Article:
Don’t look now, but the flu season is here. If you’re a senior or a caregiver, you’re high on the list for getting sick.
Our immune systems weaken as we get older. Caregivers often have more stress than other jobs, and that can weaken the immune system, too. There are ways to lessen the chances of catching—and passing on the flu bug. Here are some suggestions.
Get the Flu Vaccine
This advice tops just about every list of tips you’ll find on the subject. For two reasons. It lowers your risk of getting the flu in the first place, but it also decreases the severity of illness. Both reasons are advantages for seniors and their caregivers. December is not too late to get the vaccine.
Increase the Number of Times You Wash Your Hands
The flu can bring you to your knees, but turnabout is fair play. The flu virus is fragile and is no match for soap and water. How long do you need to wash your hands? It only takes about 20 seconds—or long enough to make it through 2 rounds of “Happy Birthday.”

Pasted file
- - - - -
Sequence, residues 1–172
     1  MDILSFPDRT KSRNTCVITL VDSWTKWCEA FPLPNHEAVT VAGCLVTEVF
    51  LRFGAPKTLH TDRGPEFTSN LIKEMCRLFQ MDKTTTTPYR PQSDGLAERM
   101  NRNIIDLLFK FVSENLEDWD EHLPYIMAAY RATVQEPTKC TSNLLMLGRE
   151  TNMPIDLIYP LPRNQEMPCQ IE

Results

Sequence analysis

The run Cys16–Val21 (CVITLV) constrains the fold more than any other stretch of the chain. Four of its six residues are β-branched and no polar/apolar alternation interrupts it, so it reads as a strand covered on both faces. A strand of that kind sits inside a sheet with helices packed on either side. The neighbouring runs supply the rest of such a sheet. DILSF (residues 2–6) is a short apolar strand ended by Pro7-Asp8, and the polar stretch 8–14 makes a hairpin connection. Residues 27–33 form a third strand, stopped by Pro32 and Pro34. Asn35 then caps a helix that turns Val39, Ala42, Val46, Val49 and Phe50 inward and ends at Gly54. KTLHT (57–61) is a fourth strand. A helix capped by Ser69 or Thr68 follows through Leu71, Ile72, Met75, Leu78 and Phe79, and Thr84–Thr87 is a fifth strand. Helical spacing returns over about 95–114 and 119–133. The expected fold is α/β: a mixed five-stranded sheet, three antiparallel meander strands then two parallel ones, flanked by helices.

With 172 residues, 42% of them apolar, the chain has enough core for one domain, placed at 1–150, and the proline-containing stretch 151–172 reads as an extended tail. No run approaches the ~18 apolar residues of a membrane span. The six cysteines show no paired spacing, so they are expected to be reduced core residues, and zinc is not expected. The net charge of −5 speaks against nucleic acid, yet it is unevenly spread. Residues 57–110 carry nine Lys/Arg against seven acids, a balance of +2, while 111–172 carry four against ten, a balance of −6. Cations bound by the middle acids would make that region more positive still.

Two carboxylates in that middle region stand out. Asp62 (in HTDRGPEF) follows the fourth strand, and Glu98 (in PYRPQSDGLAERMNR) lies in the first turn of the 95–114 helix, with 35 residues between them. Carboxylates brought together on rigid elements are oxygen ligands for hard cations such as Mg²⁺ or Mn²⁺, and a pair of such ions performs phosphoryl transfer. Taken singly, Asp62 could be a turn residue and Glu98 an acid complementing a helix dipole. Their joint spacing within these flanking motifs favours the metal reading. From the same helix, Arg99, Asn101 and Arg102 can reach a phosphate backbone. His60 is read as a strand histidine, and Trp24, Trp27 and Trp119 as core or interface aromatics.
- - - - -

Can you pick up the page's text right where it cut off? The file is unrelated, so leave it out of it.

A trip to the restroom or kitchen sink to wash your hands isn’t always practical, whether you’re a caregiver or a senior. Stock up on hand sanitizer. It’s just as effective.
Kick Up Your Cleaning Routine
Focus on areas where germs—including the flu virus—are likely to be found, such as doorknobs, light switches, and the counters in your bathroom and kitchen. Then be sure to disinfect the rags or sponges you clean these areas with.
A bleach solution is best, but you can always throw sponges in the dishwasher, or even in the microwave for 1 minute. That’s enough time to kill most bacteria and the flu virus.
Don’t Play the Hero
It’s not always practical, but you should stay away from others if you’ve got the flu. When you are around people displaying flu symptoms, avoid unnecessary contact. Most people are unaware of how often they touch their faces—and that’s one of the most common ways we introduce the flu virus to our bodies.
We also tend to forget about things like our smartphones. Make it a habit to wipe down the phone with rubbing alcohol or a sanitizing wipe—but pay careful attention not to get too much moisture on it.
And if you do come down with the flu, follow that age-old advice about getting plenty of fluids. It’s not an Old Wives Tale. Even plain water helps hydrate you, which aids the nasal passages in staying moist—which traps germs before they can enter the body.